Geoff Lawton is an internationally renowned Permaculture teacher and design consultant. His story in the Middle East is a success story, rare in the politically tumultuous climate which rules the lives of many in this part of the globe. He has solved and offered positive solutions to many of the environmental problems typical to the Middle east; water shortage, highly salted land, agricultural production, and unsustainable housing.
Exporting this system to over 17 different countries around the world he is part of a growing global movement which uses permaculture techniques to provide human needs in an environmentally responsible way. His work has led him all around the world and has focused on relieving drastic environmental problems in many places of great need and often conflict.
Commissioned in August 2000 by a Japanese aid organization to work in association with a Jordanian aid organization Geoff’s first visit involved the design of a flat 10 acre, highly salted, very alkaline, piece of land in the Dead Sea Valley, 400m below sea level and just a few kilometers from the Palestinian border. The aim was to demonstrate sustainable farming practices. A plan was drawn up and accepted and arrangements were made for them to return in December during the cooler time of the year.
During the December visit they each taught the 72 hour Permaculture Design Certificate course. Also on this trip they directed the installation of permaculture earthworks, which included the construction of one and a half kilometers of water harvesting swales, (contour ditches, with an un-compacted earth mound on the lower side which is typically used as a tree growing system). As well, a small in surface area, but deep dam was also installed as part of the design. This method of dam construction is essential in an area where evaporation is extreme. Before Geoff’s departure, Instructions were left to fence the site, as the area is surrounded by the free ranging goats and sheep of the Bedouin people and local farmers. Instructions were also left for drip irrigation to be installed under layers of thick organic mulch, this technique is so necessary in climates were evaporation is high and salted land is the consequence. Once the fencing and irrigation was in place a diversity of fruit trees were planted, and for every fruit tree, three fast growing pioneer and nitrogen fixing trees were also planted. This design mimics the natural eco systems, from which permaculture draws its wisdom. 1,510 trees were initially planted and only seven died, one because of a blocked dripper and 6 were sacrificial and planted with no mulch to prove to the skeptics that mulching was a must.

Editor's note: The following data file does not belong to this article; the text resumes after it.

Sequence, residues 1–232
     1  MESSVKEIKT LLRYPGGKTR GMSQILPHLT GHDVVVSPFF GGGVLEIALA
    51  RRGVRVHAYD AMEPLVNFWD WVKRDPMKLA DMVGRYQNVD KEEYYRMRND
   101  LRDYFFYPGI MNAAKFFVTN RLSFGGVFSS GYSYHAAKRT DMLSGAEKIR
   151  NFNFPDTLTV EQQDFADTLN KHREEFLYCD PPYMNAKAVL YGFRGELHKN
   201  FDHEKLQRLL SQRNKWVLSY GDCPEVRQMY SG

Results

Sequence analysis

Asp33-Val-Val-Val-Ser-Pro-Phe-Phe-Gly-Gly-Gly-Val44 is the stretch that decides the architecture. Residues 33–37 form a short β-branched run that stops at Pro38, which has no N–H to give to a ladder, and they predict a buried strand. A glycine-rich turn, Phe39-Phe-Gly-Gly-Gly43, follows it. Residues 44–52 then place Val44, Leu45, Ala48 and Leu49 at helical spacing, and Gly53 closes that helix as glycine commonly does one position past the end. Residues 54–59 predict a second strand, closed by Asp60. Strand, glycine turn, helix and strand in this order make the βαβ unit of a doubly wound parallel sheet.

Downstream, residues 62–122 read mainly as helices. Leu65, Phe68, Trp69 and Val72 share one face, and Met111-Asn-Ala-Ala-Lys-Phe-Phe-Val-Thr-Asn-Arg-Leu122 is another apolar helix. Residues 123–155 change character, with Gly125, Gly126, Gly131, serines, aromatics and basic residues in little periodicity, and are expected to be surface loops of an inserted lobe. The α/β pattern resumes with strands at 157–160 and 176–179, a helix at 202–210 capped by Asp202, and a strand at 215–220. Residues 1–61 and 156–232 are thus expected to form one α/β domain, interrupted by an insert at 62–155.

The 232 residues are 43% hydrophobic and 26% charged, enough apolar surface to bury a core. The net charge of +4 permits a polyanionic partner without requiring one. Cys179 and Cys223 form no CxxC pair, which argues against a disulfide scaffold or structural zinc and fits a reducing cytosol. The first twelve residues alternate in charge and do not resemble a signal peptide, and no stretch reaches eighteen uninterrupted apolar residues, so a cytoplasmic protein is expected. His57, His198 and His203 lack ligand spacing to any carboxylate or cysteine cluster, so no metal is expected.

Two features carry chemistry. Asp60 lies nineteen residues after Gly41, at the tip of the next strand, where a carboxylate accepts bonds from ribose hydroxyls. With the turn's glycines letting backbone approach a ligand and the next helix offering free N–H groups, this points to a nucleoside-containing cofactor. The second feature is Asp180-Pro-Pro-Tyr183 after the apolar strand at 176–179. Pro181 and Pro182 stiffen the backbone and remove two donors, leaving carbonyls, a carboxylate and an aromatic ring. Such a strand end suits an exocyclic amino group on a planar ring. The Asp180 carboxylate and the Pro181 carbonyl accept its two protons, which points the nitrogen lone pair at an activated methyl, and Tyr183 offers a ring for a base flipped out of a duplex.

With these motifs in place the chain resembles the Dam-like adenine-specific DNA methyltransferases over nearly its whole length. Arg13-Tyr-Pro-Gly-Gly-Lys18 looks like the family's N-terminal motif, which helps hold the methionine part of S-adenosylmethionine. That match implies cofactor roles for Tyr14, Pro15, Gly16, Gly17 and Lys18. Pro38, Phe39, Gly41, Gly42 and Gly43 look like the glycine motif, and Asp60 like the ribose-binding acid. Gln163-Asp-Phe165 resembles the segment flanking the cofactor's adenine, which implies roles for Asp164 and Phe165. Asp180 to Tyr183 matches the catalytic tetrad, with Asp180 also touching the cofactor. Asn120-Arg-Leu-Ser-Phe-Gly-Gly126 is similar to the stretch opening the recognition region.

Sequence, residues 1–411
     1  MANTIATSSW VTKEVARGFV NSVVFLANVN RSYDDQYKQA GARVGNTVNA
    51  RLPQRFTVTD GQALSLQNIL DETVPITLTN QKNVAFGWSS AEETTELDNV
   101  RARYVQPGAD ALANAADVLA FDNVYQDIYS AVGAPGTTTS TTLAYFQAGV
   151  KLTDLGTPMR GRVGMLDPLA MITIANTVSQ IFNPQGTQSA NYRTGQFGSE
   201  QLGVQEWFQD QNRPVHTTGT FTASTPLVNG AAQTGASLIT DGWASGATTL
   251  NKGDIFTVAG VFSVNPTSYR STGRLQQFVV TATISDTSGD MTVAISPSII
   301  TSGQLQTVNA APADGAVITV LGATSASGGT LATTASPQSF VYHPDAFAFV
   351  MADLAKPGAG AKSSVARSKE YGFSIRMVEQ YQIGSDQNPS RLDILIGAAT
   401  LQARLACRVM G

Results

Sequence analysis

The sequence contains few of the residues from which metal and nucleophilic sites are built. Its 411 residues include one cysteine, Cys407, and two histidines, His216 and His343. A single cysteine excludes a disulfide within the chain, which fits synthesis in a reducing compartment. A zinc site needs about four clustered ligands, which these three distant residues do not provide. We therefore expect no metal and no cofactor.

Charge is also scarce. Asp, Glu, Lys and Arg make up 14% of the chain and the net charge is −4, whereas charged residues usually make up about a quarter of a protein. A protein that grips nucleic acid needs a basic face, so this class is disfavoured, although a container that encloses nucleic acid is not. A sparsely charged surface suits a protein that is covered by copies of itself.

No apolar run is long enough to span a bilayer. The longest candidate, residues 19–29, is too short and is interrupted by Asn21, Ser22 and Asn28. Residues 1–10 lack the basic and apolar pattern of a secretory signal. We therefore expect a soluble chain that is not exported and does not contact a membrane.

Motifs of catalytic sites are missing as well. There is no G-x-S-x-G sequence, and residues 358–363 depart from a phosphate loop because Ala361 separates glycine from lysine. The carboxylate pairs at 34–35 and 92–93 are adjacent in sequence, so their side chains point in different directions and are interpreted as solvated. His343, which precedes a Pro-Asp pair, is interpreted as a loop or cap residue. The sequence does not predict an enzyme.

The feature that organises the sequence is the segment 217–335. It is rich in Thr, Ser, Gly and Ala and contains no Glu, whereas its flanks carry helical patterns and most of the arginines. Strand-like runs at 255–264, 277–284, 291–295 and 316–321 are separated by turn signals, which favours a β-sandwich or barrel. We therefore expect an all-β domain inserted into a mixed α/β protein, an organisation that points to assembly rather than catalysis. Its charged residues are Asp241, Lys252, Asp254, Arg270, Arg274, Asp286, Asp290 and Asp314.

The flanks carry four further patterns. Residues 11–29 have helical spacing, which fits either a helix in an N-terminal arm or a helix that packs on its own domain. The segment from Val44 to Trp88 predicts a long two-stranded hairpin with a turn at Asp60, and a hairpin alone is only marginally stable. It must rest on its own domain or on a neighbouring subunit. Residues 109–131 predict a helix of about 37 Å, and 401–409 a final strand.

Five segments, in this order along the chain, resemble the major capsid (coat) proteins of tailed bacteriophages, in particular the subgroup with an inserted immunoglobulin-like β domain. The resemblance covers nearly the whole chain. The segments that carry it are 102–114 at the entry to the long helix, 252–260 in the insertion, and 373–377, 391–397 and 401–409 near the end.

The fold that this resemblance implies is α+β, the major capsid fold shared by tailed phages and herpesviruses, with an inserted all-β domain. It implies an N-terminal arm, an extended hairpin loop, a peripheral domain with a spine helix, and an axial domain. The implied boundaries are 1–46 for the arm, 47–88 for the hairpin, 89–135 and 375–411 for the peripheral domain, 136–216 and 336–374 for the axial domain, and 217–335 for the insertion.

The local agricultural department described the land as useless for any serious production. With a soil salt level of 5,000ppm, the only available irrigation water at 4,100 ppm salt content, and a pH of 9.5, even10 in places it was considered impossible to grow figs and many other fruit trees and crops.
With the local project workers well educated in permaculture design, Geoff’s instructions were carefully followed and on their next return visit, four months after the first trees were planted, the results were very exciting. Figs were growing well and fruiting, so were guavas and pomegranates, some of the pioneer trees had reached two meters in height and the general greening up of the site was very encouraging. These results indicated that the salt levels must have dropped, pH must have also dropped and soil fertility must have improved. The Agriculture Department were invited back to do further soil tests and the results were incredibly exciting even to Geoff.